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When she couldn't find many local kombucha purveyors, Natalie Jenkins launched her own business

Motherlode Kombucha caters to non-drinking sector
Posted: 6:00 AM, Oct 25, 2019
Updated: 2019-10-25 06:00:43-04
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COVINGTON, Kentucky — Even though Natalie Jenkins had been an avid kombucha drinker for several years, it wasn’t until almost three years ago that her sister taught her how to brew kombucha at home.

“I tried her stuff and I was like, ‘This is the most amazing thing I’ve ever tasted,’ ” Jenkins said. “I had to get on her level.”

She realized that, besides Skinny Piggy and Fab Ferments, Cincinnati is rather devoid of local kombucha purveyors, and centralized kombucha taprooms don’t really exist. (Jungle Jim’s and Fab Ferments have kombucha tasting bars, but they aren’t located near the city center.)

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Natalie Jenkins and her boyfriend, Curt Hogan, sold Motherlode Kombucha this summer at the Montgomery farmers market. (Photo provided by Amy Scarpello)

So, inspired by her love for kombucha, Jenkins launched Motherlode Kombucha in June, operating her business from Covington’s Kickstart Kitchen. The name, Jenkins said, is a play on “the mother” bacteria and “a source of power."

One reason Jenkins formed Motherlode was to cater to the non-drinking sector.

“I want people who don’t drink to have something fun to drink,” she said.

The Springfield, Missouri, transplant moved to Cincy in 2009 with a background in photography. However, a year and a half ago she hosted a Motherlode tasting for friends and found her beverages were a hit.

Without knowing much about starting a business, she teamed up with a local chapter of SCORE, an organization that mentors future small business owners.

“I think it’s really understated how hard it is to build a business from the ground up, especially something tangible like this. It’s one thing to do photography -- I went to school for it -- but this feels like stuff is just piling on top of me. It’s really like a sink-or-swim kind of thing. I think the challenge of it motivates me: ‘Yeah, I can do this.’ ”

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Motherlode's bottles can be found at various places in the city. (Photo provided by Natalie Jenkins)

So this summer she launched her hand-bottled products at the Montgomery farmers market and also offered it at The City Flea. Currently, she sells three flavors: apple-ginger, hibiscus-rose and new flavor pineapple-turmeric, and they can be found in bottles at Yonder in Covington and Poke Hut in Over-the-Rhine.

She recently hosted a tasting at Create Your Own Finish Line in Norwood, and she plans to do more events in the future.

“The biggest challenge is connecting to an audience that I know is there but I haven’t met yet,” she said. “I always feel like I’m selling my soul a little bit when people say, ‘What are the health benefits of kombucha?’ Well, it’s got probiotics. It’s good for you. But it’s not why I drink it. I think it’s delicious. It’s more about having community and having something to gather around.”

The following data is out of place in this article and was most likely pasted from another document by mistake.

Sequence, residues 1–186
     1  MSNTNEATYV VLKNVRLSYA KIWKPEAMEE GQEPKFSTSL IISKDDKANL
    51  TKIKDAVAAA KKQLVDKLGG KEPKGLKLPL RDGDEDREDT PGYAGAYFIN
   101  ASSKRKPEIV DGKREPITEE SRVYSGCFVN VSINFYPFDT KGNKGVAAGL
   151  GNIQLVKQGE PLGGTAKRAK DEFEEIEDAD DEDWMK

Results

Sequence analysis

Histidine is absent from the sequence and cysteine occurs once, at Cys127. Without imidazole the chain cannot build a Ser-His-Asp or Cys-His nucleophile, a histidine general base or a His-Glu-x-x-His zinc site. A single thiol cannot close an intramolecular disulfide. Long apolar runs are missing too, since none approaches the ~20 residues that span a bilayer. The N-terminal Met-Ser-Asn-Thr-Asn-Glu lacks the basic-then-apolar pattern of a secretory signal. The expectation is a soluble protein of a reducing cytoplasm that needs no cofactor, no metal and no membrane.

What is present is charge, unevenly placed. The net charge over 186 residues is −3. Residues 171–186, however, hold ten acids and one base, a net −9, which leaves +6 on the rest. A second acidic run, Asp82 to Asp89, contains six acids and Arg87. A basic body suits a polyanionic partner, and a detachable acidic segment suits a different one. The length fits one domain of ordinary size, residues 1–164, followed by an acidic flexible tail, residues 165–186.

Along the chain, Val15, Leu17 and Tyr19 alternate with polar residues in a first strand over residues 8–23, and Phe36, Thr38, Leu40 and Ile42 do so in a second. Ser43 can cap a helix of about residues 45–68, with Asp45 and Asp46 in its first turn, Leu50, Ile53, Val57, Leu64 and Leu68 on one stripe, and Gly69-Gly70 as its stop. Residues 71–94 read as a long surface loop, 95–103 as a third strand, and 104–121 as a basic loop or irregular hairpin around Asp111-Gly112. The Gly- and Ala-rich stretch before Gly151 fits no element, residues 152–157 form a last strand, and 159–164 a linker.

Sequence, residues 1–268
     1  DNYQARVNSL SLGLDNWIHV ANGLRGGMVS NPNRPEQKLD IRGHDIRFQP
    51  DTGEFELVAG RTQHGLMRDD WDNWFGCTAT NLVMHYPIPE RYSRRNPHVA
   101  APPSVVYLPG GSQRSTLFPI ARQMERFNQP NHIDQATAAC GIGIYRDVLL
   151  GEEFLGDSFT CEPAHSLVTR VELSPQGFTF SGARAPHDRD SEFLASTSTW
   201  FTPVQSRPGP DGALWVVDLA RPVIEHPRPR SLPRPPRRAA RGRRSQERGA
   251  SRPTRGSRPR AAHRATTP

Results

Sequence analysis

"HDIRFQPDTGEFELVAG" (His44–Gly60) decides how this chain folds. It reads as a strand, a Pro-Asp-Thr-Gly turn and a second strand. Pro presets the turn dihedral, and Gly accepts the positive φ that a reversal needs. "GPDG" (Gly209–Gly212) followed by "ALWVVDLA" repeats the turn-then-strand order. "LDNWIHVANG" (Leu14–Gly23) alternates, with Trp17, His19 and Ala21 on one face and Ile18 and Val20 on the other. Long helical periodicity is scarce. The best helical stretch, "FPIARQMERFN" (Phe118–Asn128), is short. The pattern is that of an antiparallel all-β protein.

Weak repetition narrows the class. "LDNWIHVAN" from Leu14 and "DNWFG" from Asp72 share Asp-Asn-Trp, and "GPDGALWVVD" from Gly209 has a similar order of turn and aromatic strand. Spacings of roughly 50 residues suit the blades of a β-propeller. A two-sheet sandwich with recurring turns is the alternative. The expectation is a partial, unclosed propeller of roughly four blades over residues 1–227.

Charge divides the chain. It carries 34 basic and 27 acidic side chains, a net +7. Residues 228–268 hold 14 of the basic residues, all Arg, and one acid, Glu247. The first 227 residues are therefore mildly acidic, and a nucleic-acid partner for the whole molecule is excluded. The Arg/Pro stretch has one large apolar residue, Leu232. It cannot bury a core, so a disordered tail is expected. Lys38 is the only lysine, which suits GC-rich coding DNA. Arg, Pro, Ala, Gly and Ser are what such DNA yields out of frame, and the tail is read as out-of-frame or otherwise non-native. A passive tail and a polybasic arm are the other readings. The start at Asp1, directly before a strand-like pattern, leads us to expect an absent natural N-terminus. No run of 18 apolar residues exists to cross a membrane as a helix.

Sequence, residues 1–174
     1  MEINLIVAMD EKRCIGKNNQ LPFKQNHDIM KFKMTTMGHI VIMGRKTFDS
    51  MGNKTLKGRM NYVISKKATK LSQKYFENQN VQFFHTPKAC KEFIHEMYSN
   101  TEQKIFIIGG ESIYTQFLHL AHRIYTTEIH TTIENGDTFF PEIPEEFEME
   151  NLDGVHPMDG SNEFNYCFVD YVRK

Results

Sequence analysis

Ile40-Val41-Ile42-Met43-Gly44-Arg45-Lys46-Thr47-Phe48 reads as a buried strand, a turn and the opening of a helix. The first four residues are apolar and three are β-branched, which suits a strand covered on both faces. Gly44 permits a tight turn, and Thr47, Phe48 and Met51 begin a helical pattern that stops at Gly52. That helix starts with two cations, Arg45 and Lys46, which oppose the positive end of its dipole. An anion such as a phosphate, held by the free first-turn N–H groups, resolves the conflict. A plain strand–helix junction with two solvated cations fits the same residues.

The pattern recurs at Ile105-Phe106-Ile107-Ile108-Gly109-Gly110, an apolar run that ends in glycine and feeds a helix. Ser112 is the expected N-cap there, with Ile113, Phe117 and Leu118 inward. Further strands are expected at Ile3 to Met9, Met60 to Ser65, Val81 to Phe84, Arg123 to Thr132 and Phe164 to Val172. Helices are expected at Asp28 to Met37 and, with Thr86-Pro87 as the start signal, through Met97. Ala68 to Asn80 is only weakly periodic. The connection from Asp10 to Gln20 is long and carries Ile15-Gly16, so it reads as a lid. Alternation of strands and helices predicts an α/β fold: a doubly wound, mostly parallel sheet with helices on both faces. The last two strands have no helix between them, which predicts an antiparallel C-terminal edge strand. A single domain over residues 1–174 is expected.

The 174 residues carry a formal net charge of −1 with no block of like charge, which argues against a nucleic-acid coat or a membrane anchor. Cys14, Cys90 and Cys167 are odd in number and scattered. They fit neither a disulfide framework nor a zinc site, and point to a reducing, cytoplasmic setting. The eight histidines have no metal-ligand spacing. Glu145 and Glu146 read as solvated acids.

To make kombucha, the process takes up to three and a half weeks for one batch of 10-15 gallons. She starts with green tea, sugar and the mother (aka SCOBY), which contains bacteria and yeast. Once the yeast eats the sugar, the tea mixture transforms into alcohol. But in order to reduce the alcohol content, the bacteria eats the alcohol and the byproduct becomes acetic acid, or vinegar.

“It’s like a child,” she said about fermenting the drink. “It’s something you have to maintain. You have to be regular with it. You have to keep feeding it, draining it, feeding it. A lot of people give up -- this is too much. But I kind of love that about it.”

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Natalie Jenkins brews flavors hibiscus-rose (made with rosewater), and apple-ginger. (Photo provided by Natalie Jenkins)

At the end of the process, she adds in fresh-pressed juices; she individually bottles the kombucha and sticks on local design collective Pull Club Studio’s colorful labels. Unlike many other kombuchas, hers has the right balance of carbonation and isn’t too sweet.

Her goal is to move from just bottling her kombucha to get it on draft at bars -- and maybe open a tasting room. However, so far, she has found it challenging because beer is her main competition and a lot of bars don’t save a tap for kombucha.

In general, though, she wants all kombucha to be more ubiquitous in Cincinnati.

“I want kombucha to be like beer or seltzer water,” she said. “It’s just something as common as that, and it’s not weird, and it’s not a health drink, and it’s not only hippies who drink it or only women who drink it.”

For updates on where to try Motherlode Kombucha, follow Jenkins' Instagram account.